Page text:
LYONS — For years the Ginna Nuclear Power Plant in Ontario has been a significant source of tax revenue for Wayne County, the Wayne Central School District and the town of Ontario.
But with the nuclear power plant’s profitability eroding over the past few years because of its inability to compete with gas-powered plants, that revenue has begun to drop through a series of payment-in-lieu-of-taxes agreements designed to keep the aging plant open and hopefully profitable.
The newest PILOT, approved by the Board of Supervisors last week, might be called the “end-of-days” PILOT. It covers 2019-20 to 2028-29, with 2029 the last year the 581-watt nuclear plant is licensed to operate. Democrats Kenan Baldridge of Rose and Susie Jacobs of Walworth voted against it, while Republican Tony Verno of Williamson abstained.
The PILOT has also been approved by the school district and the town of Ontario. It lays out a schedule of diminished revenues over the course of 10 years: from total PILOT payments of $7.54 million in 2019-20 — the same amount as 2018-19 — to $2.25 million in 2028-29.
The current PILOT was enacted in 2015 when Ginna, owned by Illinois-based Exelon Corp., stated that “changed electric power market conditions have significantly challenged the financial viability of the plant.”
County Administrator Rick House said the new PILOT reflects Ginna’s limited operational years and profitability.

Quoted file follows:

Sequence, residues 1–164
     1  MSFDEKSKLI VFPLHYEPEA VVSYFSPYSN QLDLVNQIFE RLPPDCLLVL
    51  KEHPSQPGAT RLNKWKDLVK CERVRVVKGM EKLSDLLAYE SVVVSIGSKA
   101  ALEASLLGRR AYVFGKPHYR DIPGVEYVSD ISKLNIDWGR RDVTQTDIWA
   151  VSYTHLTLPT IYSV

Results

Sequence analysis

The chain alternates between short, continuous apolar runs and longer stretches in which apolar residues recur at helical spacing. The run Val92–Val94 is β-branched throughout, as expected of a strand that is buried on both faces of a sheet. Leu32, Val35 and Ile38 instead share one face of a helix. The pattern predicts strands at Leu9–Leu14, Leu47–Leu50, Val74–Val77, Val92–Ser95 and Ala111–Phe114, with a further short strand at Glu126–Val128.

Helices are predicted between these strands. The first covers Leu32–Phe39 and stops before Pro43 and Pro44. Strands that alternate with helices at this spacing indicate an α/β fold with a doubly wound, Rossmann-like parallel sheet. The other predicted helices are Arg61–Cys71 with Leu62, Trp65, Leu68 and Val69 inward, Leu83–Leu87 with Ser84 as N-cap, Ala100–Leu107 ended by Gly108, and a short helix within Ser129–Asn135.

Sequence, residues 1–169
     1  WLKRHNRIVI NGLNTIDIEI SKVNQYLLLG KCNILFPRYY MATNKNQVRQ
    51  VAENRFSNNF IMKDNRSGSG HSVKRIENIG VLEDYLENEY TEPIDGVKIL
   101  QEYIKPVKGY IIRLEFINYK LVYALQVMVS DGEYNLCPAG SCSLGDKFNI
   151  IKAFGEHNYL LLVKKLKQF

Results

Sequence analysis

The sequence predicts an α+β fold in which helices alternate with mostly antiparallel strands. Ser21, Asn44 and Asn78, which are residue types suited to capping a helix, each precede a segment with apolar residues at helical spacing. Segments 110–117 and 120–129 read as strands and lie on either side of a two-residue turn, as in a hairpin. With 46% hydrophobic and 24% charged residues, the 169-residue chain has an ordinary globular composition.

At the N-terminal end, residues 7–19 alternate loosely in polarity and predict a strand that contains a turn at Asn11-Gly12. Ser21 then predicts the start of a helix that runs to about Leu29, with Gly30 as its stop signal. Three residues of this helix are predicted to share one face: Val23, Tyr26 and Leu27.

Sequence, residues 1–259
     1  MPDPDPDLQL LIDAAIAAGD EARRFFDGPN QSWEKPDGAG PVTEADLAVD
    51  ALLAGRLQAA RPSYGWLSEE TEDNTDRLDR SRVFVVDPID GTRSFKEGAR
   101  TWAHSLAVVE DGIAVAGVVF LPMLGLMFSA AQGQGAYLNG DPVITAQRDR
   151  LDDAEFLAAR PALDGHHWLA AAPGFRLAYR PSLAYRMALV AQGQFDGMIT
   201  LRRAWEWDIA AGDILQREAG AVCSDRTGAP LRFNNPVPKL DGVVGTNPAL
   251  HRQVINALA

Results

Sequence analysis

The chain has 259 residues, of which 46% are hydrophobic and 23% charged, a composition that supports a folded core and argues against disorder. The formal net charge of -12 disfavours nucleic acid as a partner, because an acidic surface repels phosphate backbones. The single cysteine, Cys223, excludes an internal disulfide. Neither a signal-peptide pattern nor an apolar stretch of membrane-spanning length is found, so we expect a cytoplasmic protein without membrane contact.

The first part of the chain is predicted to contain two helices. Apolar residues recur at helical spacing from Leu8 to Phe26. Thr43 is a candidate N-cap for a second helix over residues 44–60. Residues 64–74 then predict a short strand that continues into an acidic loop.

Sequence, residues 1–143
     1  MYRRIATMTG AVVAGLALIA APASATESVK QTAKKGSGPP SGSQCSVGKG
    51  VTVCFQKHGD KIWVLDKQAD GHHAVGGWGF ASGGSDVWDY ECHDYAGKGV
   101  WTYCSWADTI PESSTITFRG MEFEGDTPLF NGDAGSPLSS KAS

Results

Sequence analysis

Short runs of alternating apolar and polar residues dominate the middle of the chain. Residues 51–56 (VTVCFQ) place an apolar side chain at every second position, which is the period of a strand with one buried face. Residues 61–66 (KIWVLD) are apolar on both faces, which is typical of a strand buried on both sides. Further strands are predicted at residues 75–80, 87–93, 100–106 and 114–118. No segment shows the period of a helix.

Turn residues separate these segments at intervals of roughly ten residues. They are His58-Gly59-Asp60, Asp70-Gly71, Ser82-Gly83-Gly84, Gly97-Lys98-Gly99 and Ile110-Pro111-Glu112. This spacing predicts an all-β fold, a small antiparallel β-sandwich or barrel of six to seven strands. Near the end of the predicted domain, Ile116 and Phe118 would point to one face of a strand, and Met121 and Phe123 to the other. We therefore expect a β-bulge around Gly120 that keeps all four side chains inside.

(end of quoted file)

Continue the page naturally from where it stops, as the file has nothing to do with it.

“The plant is expected to slowly diminish its output,” said House. “The PILOT diminishes as well.”
He and Savannah Town Supervisor Michael Kolczynski represented the county in negotiations with Exelon, along with representatives of the town of Ontario and the Wayne school district. The Rochester law firm Ferrara Fiorenza served as the legal counsel for the three taxing entities.
“We negotiated for a long period of time starting early this year,” House said. “We think this was the best deal that could have been had.”
The school district takes the biggest hit, said House, noting it gets nearly 64 percent of PILOT payments. The district’s revenue drops from $4.79 million in 2019-20 to $1.43 million in 2028-29.
While it’s never good to watch a revenue stream diminish to a relative trickle, House said the 10-year PILOT gives the county time to plan — from finding ways to grow revenues to figuring out ways to reduce spending.
“The handwriting is on the wall,” he said, adding it is unlikely from what he is told that Exelon will look to extend Ginna’s life beyond 2029.
Ginna is not the only revenue worry, he said. The state approved a plan to have counties pick up the money municipalities were receiving under the Aid and Incentives to Municipalities program. In turn, counties are being told by the Cuomo administration that a new revenue source from the expansion of sales tax on internet sales will more than make up for the $664,000 in sales tax the county must now give to its towns and villages to restore the AIM money.
The state is telling Wayne that it should be getting about $900,000 from the internet sales tax expansion.
“Those numbers (by the state) are all speculative,” House said.
While the administrator said the county is in excellent financial health — with $48 million in the fund balance at the end of 2018 — that number could take a hit if it can’t find ways to make up for the loss of revenue from the nuclear plant.
“We’re planning for reduced revenue,” House said. “We have to find a way to make up the revenue or reduce appropriations.”
He said the county would rather find more revenue, because reducing appropriations could mean a reduction in services, which he said could affect the quality of life for residents.